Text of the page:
March 13, 2013 – I’ve been starting to have panic attacks about infertility again. It all started with a conversation about a double stroller. When you try to go home with a baby on a ventilator they make you buy a double stroller. One seat is for the baby and one seat is for the ventilator, the breathing bag, and all the other supplies that must go everywhere Henry will go – even if it’s just from his bedroom to the kitchen table. I told the team I didn’t want to buy a double stroller because that will just be one more thing we’re going to have to “put away” when Henry dies. We don’t need one more reminder that, not only do we not have ONE kid to put in a stroller, but we certainly don’t have the need for a DOUBLE stroller. Eff.
I thought that the infertility beast was dead, but here it is, not dead at all. I don’t think I can do it again. Infertility made me an anxious, obsessed, no-fun, unhappy person who had to pretend to be happy, pretend to care about lots of things I didn’t really care about. I honestly don’t think I can survive going back there again. I don’t have the desire or the energy to pretend, and thinking about it makes me want to go to bed and stay there for years. Even what we are doing now – and believe me, it’s not at all fun – pales in comparison to infertility. It pales because we have Henry to love right now, and we know that no matter what happens, his beautiful little soul will be okay. And because I carry his heart with me. I carry it in my heart. But when Henry is gone, what’s left is infertility. Our nemesis. Empty, lonely, misunderstood, shitty infertility. And what are our options now? Test our embryos and transfer the genetically healthy ones to me? To a surrogate? Do we trust our embryos? Adopt embryos or eggs? Do we trust my body? Adopt a live baby? All of those options take a LONG time and cost a LOT of money. What the heck, man? This was supposed to be over. This WAS over. And for a short time I had forgotten how badly it hurts. But it’s creeping back, just knowing what’s coming. I know what you’re all going to say – I’m putting the cart before the horse – but you know me well enough to know that’s how I roll, right?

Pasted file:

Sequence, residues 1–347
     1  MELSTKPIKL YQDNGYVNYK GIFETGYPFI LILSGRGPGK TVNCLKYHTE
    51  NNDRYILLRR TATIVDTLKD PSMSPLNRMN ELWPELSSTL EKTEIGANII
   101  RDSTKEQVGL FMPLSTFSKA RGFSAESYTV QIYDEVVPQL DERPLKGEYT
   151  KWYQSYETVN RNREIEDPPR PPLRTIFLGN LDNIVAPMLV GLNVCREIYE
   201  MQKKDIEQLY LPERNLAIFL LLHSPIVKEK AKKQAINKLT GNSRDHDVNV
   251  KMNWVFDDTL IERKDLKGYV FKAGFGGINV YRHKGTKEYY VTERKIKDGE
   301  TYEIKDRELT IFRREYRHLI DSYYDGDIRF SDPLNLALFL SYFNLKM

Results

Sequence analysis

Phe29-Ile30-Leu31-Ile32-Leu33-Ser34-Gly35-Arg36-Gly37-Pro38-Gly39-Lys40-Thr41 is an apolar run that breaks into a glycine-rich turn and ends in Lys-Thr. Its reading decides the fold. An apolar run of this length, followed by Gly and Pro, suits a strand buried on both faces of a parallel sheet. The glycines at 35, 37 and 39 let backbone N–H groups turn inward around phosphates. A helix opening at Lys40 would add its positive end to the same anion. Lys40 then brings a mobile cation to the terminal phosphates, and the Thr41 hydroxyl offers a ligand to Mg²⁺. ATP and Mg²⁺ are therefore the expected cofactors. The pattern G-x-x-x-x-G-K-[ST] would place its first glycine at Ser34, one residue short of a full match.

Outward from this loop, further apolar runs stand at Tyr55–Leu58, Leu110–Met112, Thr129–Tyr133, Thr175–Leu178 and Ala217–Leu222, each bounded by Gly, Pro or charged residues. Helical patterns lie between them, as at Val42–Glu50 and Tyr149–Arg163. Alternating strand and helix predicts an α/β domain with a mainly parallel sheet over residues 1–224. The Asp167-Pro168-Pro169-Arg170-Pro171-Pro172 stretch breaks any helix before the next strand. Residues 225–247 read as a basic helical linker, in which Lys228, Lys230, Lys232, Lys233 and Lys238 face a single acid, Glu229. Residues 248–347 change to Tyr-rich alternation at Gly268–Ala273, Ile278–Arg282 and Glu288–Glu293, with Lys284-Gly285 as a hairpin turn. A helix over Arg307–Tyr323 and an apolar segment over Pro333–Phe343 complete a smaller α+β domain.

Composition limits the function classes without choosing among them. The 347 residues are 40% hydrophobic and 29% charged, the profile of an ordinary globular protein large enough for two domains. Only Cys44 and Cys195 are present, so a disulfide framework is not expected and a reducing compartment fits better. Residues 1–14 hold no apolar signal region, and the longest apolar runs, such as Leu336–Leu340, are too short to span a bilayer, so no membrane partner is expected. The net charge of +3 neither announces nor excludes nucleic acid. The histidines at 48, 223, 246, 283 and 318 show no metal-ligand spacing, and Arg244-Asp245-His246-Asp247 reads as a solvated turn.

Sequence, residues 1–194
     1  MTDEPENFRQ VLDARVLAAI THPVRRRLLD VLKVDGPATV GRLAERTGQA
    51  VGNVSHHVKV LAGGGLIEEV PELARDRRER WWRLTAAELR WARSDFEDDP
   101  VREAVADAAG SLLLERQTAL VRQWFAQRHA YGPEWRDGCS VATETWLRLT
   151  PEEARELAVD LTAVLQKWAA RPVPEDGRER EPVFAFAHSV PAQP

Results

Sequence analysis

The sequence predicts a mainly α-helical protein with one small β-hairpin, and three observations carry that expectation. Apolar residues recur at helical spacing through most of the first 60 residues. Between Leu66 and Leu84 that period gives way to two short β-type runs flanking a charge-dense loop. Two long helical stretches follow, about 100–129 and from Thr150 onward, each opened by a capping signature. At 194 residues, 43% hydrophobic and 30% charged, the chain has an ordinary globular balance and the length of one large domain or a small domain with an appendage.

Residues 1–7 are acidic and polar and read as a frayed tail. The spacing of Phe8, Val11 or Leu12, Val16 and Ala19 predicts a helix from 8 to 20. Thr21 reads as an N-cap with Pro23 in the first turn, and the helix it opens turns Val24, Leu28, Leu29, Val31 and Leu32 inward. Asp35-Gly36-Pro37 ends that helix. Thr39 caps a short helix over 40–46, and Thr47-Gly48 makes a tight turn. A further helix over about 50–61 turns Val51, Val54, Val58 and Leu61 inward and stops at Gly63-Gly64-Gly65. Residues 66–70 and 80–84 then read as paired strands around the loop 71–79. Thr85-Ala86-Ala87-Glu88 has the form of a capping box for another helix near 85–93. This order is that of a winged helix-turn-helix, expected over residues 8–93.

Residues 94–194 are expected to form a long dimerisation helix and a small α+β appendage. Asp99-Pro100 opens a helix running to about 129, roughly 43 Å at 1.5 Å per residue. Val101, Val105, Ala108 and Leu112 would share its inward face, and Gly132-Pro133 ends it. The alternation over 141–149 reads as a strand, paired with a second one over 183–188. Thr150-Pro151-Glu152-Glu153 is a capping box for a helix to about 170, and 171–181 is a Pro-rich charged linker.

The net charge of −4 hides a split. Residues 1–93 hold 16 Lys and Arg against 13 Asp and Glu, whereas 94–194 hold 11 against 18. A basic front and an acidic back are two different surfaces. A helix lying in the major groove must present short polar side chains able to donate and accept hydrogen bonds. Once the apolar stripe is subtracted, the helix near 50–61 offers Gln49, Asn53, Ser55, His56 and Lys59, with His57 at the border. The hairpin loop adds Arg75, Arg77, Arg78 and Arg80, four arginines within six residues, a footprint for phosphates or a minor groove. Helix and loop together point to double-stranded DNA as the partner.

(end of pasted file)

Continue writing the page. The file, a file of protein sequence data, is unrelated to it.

So for now it’s just Henry. Every second of the day, it’s Henry. It’s just loving him up, and trying not to think about the demons in our past that will also be the demons in our future. We will eat up every smile, love every diaper change, relish in every bath time, and even embrace every boogery nose (I’ve learned there is something disgustingly satisfying about suctioning boogs from his nose – it’s a sick satisfaction!). He is our gift from God, and for that we are so thankful. He has made His face shine upon us.
Okay, back to present day…I guess my point in sharing all this is to convey the gravity of infertility. People seem to “get” the horror of a terminally ill child. Who wouldn’t see the heartbreak in that? But the truth is, infertility can be just as bad, if not worse, but people don’t understand that unless they have faced it themselves.
My hope is that AGC Scholarships will not only help some families afford the more expensive avenues to family building, but that we can bring awareness to the deep seeded emotions that accompany unwanted childlessness. The pain of infertility is intense – more so than many people realize. To those of you reading who feel this pain, you are not alone. I have felt it, too. I still feel it every day.